Return to Magonia?
The Aubeck/Shough book’s title is offputting; ufologists don’t like “magonia” induced material – it smacks of folklore.
And the etymology of Magonia indicates it’s a difficult word to like or understand:
But that aside – it merely explains why the book isn’t selling well – the work by Aubeck and Shough itself is offputting.
The two fellows list a few odd appearances in the sky, from days of yore mostly, and hash-tag witness accounts, from various sources, most credible or, at least, not iffy (as is the case with many UFO-stimulated reports online and in related books).
The problems is Monsieurs Aubeck and Shough go to great lengths to find all the possibilities for any sighting of those odd appearances, when one would do well to accept the written records as verbatim accounts by sane, normal persons generally, and not the perverse observations of natural things or misperceived (even hallucinatory) renderings of what was seen.
For instance, on Page 232 [ff.], the authors reference, as is their wont, sightings of “ships sailing past in the air” sometimes appearing to spear fish or with crews falling into “water.”
The stories come from the middle ages [circa 900 A.D. to 1300 A.D] and derive (generally) from historical or monastic records, including the oft-repeated story from Bishop Abogard about an airship getting its anchor caught in an arch above the church door, causing a man to leap overboard (from the airship) to disentangle the anchor.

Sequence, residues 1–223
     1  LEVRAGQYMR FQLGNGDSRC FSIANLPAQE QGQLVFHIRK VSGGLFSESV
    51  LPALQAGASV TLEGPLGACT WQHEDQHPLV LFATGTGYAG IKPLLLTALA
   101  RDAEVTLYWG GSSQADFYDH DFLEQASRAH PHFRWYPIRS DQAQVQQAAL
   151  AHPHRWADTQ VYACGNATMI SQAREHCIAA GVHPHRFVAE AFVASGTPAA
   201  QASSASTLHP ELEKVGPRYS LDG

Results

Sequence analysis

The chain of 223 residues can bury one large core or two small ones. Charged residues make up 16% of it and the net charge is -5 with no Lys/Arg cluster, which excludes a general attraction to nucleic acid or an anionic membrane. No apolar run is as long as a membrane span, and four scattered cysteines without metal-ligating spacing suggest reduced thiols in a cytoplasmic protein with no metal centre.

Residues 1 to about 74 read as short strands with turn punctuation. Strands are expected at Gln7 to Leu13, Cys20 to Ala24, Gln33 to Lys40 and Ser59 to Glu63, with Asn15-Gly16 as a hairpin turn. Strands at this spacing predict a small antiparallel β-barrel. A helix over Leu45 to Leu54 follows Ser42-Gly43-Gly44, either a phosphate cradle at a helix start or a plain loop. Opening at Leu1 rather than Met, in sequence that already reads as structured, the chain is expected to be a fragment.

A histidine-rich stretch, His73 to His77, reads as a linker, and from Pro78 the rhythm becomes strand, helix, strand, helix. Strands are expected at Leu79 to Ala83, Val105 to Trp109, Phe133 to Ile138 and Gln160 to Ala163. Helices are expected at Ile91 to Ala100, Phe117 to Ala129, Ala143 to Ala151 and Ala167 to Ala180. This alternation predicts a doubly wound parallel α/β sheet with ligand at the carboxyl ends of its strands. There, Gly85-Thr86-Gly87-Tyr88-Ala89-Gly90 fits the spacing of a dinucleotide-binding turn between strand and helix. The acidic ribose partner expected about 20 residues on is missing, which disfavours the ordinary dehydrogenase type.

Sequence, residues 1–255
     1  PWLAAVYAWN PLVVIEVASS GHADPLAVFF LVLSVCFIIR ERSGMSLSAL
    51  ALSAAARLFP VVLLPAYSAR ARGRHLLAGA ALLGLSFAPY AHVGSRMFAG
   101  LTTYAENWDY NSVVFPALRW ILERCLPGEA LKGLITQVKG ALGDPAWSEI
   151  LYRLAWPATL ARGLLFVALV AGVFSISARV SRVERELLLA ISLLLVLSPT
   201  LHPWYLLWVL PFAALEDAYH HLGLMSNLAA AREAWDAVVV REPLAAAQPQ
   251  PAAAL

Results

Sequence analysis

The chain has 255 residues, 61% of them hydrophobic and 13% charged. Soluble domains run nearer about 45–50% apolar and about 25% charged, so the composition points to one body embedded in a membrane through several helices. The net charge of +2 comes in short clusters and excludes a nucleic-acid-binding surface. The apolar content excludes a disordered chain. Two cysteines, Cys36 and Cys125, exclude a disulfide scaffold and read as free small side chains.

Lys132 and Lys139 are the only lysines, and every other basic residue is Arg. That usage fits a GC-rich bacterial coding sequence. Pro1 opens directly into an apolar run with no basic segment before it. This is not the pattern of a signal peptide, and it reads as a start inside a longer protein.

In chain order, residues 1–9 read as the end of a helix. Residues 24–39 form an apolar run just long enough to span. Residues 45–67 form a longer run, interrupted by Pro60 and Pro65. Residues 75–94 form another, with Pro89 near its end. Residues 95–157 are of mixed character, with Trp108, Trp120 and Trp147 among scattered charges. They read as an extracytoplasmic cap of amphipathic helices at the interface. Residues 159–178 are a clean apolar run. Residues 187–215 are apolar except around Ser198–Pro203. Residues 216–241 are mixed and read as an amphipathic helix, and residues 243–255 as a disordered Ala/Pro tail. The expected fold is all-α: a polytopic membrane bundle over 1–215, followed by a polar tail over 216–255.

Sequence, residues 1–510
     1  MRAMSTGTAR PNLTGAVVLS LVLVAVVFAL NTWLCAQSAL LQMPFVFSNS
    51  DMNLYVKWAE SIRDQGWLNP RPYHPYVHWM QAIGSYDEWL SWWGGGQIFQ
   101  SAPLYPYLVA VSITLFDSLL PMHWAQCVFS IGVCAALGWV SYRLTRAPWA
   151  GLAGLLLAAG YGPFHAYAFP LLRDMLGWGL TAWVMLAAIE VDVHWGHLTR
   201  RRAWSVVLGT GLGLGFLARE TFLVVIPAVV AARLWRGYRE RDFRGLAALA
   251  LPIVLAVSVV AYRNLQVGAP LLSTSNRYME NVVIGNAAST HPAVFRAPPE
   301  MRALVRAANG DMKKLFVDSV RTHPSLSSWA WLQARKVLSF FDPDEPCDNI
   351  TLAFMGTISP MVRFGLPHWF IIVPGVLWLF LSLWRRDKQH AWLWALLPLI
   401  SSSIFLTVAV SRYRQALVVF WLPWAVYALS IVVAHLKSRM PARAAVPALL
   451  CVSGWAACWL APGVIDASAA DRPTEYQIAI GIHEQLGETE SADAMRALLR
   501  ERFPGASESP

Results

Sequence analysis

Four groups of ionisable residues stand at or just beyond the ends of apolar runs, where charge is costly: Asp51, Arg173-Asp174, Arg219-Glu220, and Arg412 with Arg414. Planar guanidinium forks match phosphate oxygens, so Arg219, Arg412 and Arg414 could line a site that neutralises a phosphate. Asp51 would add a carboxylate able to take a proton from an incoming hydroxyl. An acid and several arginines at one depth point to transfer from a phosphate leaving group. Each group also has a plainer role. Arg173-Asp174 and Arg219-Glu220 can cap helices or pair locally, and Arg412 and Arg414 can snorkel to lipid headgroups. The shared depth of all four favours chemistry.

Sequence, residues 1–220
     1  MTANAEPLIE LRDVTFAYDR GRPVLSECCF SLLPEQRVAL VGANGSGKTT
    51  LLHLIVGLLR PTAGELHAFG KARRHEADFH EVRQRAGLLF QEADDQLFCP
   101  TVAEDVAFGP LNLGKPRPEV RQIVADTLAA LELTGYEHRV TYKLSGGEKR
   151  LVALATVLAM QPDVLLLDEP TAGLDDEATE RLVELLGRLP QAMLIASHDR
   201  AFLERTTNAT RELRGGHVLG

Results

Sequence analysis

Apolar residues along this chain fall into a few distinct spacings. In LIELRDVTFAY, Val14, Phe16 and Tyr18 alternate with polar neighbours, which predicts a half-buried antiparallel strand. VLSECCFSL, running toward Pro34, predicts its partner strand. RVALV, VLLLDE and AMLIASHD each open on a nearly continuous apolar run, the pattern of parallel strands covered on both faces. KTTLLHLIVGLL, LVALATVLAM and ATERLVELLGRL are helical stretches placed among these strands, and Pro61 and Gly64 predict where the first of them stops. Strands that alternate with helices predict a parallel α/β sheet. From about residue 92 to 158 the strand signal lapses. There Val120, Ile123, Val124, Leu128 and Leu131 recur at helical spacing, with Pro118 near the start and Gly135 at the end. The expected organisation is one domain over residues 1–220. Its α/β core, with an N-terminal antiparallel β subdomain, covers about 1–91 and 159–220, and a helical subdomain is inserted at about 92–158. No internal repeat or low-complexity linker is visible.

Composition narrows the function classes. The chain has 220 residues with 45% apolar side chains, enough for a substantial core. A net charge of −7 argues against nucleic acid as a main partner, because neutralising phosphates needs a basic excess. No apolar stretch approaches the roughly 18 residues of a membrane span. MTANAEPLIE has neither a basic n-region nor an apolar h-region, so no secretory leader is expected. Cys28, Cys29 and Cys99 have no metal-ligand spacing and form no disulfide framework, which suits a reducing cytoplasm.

The “man” is grabbed by the assembled crowd but is released at the suggestion of Bishop Abogard, and “swims” back to his airship whereupon the crew cuts the rope holding the anchor and the ship departs.
That story and others like it are introduced by the authors as folkloric. [Page 232]
An incident, dated in a diary entry of 1796, is recounted [Page 235] thusly:
One day, in the Bay of Fundy, a girl looked up into the sky and screamed which caused two men in the house to run out where they saw “fifteen ships and a man forward of them with his hand stretched out.”
The diarist, a loyalist merchant and judge, Simeon Perkins, writes “My opinion is that the [event] was [seen] only in imagination, as the clouds at sunrise might [italics mine] make such an appearance …”
The story, used by the authors, comes from UFO believer, advocate Don Ledger in his “Maritime UFO Files.”
This is the kind of “scholarship” used by the authors throughout their tome.
While pretending to scrutinize old UFO-like sightings, Aubeck and Shough try to appear objective, but work hard to show that there are many explanations for the strange sightings they present, going very far as to egregiously blunt Ockham’s razor.
I’m of the persuasion that what “normal” people see and report are exactly what they see and report, pretty much, taking into account the human tendency to screw up minute details in the excitement at perceiving something as weird as a UFO or thing in the sky (or on land).
Aubeck and Shough try to provide a patina of objectivity and unbiased analysis of some older reports of oddities seen in the skies over the Earth.
They do that under the rubric, Magonia, which provides a premise of folklore or magic and thus undercut their efforts I’m afraid.
I’ll find my objectivity elsewhere.